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Reduced calcium binding capacity is an intrinsic abnormality of red blood cell membrane in spontaneously hypertensive rats



Reduced calcium binding capacity is an intrinsic abnormality of red blood cell membrane in spontaneously hypertensive rats



American Journal of Hypertension 3(7): 570-572



Reduced calcium (Ca) binding capacity is a widespread and primary abnormality in SHR. It was reported that in red blood cell (RBC) membranes it is detectable only in membrane preparations containing sealed inside-out vesicles, the formation of which implies the partial removal of cytoskeletal proteins from the RBC membrane. The present study compares the Ca binding capacity of RBC membrane preparations with normal (+CS) and reduced (-CS) cytoskeleton content in SHR and normotensive WKY control rats. In addition to Ca binding capacity and protein content, the cholesterol content and the acetylcholinesterase (ACE) activity were measured as having a quantitative measure of integral membrane components in the different membrane preparations. In both strains the cholesterol/protein ratio, the ACE activity per mg of membrane protein, and the Ca binding capacity were all significantly higher in -CS compared to +CS membrane preparations (P less than .001). A statistically significant difference in Ca binding capacity between SHR and WKY was observed only using -CS membranes preparation. The results support the concept of a reduced membrane Ca binding capacity in rat genetic hypertension: this abnormality is detectable only in membrane preparations with reduced cytoskeletal content.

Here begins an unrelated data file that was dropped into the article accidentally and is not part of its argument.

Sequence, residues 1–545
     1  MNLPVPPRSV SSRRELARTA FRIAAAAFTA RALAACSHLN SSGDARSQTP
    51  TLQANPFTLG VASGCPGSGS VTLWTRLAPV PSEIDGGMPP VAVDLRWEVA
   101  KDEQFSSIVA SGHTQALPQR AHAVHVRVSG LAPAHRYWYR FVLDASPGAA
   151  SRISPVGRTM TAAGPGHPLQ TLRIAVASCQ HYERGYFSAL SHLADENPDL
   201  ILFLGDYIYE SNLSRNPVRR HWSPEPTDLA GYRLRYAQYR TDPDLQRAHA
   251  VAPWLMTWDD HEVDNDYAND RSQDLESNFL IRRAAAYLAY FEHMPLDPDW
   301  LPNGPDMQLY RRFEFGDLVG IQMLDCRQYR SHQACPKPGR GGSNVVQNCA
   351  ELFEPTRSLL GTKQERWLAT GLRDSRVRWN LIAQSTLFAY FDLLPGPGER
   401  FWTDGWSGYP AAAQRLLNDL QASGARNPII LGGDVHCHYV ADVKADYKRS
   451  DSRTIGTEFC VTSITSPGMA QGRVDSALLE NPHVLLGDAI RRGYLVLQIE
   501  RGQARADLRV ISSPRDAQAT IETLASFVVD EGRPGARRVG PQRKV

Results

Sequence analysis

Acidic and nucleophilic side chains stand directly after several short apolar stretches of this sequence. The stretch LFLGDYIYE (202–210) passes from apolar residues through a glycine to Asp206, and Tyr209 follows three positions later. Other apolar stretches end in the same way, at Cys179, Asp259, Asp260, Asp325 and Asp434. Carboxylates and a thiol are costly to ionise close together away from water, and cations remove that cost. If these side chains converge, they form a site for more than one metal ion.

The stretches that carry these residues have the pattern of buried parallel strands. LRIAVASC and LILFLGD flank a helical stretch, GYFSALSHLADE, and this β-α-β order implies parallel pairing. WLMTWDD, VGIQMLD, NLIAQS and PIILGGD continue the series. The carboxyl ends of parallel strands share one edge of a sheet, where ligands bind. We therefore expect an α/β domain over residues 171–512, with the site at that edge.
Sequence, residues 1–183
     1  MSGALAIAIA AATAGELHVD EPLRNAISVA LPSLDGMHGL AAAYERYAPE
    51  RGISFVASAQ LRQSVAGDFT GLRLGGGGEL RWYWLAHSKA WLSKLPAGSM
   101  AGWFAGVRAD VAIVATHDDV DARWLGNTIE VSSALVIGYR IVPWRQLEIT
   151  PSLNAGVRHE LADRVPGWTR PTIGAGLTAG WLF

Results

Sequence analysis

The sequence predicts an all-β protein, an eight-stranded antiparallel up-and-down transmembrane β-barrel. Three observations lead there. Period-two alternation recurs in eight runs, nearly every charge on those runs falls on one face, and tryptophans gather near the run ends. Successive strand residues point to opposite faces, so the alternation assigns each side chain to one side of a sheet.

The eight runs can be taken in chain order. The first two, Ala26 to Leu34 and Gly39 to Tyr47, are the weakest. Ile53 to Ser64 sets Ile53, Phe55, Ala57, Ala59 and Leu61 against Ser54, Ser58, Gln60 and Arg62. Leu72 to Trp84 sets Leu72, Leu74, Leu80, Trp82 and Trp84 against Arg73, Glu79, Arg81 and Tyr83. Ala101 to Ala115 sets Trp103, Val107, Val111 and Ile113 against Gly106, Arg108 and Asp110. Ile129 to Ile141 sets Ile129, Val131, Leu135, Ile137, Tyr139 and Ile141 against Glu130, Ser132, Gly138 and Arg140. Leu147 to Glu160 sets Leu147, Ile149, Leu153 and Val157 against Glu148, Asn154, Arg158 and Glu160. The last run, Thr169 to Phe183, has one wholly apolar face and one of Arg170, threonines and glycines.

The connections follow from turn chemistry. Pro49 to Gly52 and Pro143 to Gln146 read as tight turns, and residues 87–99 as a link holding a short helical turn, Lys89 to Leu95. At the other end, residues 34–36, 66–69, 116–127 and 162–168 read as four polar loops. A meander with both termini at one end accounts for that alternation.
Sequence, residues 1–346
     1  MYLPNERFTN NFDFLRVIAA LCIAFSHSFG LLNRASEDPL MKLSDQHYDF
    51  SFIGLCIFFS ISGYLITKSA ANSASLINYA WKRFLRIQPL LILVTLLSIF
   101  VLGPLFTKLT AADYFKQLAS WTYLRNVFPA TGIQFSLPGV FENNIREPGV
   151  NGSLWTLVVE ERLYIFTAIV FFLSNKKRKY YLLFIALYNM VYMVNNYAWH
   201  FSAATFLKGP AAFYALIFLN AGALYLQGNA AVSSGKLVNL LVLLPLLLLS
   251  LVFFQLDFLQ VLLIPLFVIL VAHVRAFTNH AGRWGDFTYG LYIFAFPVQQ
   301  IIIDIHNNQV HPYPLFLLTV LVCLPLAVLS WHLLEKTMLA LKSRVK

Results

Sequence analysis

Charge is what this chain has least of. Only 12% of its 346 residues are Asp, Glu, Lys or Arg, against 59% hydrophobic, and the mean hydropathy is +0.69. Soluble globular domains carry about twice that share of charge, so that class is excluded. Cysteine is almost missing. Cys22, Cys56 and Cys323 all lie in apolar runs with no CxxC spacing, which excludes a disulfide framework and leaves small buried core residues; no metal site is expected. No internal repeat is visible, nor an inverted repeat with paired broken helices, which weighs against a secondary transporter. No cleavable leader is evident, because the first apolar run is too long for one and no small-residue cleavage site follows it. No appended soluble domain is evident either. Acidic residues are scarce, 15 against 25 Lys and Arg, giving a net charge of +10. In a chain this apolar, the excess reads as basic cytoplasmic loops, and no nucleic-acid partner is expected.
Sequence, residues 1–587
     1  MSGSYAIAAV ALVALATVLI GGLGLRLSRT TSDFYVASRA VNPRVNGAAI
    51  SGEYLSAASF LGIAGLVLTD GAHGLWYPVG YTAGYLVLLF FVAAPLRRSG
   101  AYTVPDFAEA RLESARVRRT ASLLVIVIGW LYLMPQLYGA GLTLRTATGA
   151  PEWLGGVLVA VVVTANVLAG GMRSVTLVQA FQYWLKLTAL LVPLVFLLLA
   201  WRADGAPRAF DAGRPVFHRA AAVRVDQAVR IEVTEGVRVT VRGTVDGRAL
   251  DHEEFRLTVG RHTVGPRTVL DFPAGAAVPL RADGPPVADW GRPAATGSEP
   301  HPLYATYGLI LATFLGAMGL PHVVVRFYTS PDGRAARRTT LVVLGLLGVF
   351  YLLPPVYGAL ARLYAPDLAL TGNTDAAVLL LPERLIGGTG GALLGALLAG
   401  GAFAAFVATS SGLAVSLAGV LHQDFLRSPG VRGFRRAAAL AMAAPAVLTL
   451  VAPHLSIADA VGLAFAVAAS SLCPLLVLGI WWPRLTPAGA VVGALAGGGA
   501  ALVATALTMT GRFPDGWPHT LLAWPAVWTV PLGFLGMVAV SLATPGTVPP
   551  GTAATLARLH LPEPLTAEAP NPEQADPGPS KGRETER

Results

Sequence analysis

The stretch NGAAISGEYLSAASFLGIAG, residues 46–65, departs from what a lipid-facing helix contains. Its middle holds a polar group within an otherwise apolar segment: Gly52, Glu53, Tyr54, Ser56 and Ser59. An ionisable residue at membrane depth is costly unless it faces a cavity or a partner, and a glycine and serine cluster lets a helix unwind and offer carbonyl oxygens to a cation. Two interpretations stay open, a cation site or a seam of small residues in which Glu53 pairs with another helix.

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Accession: 007729451

Download citation: RISBibTeXText

PMID: 2363898

DOI: 10.1093/ajh/3.7.570


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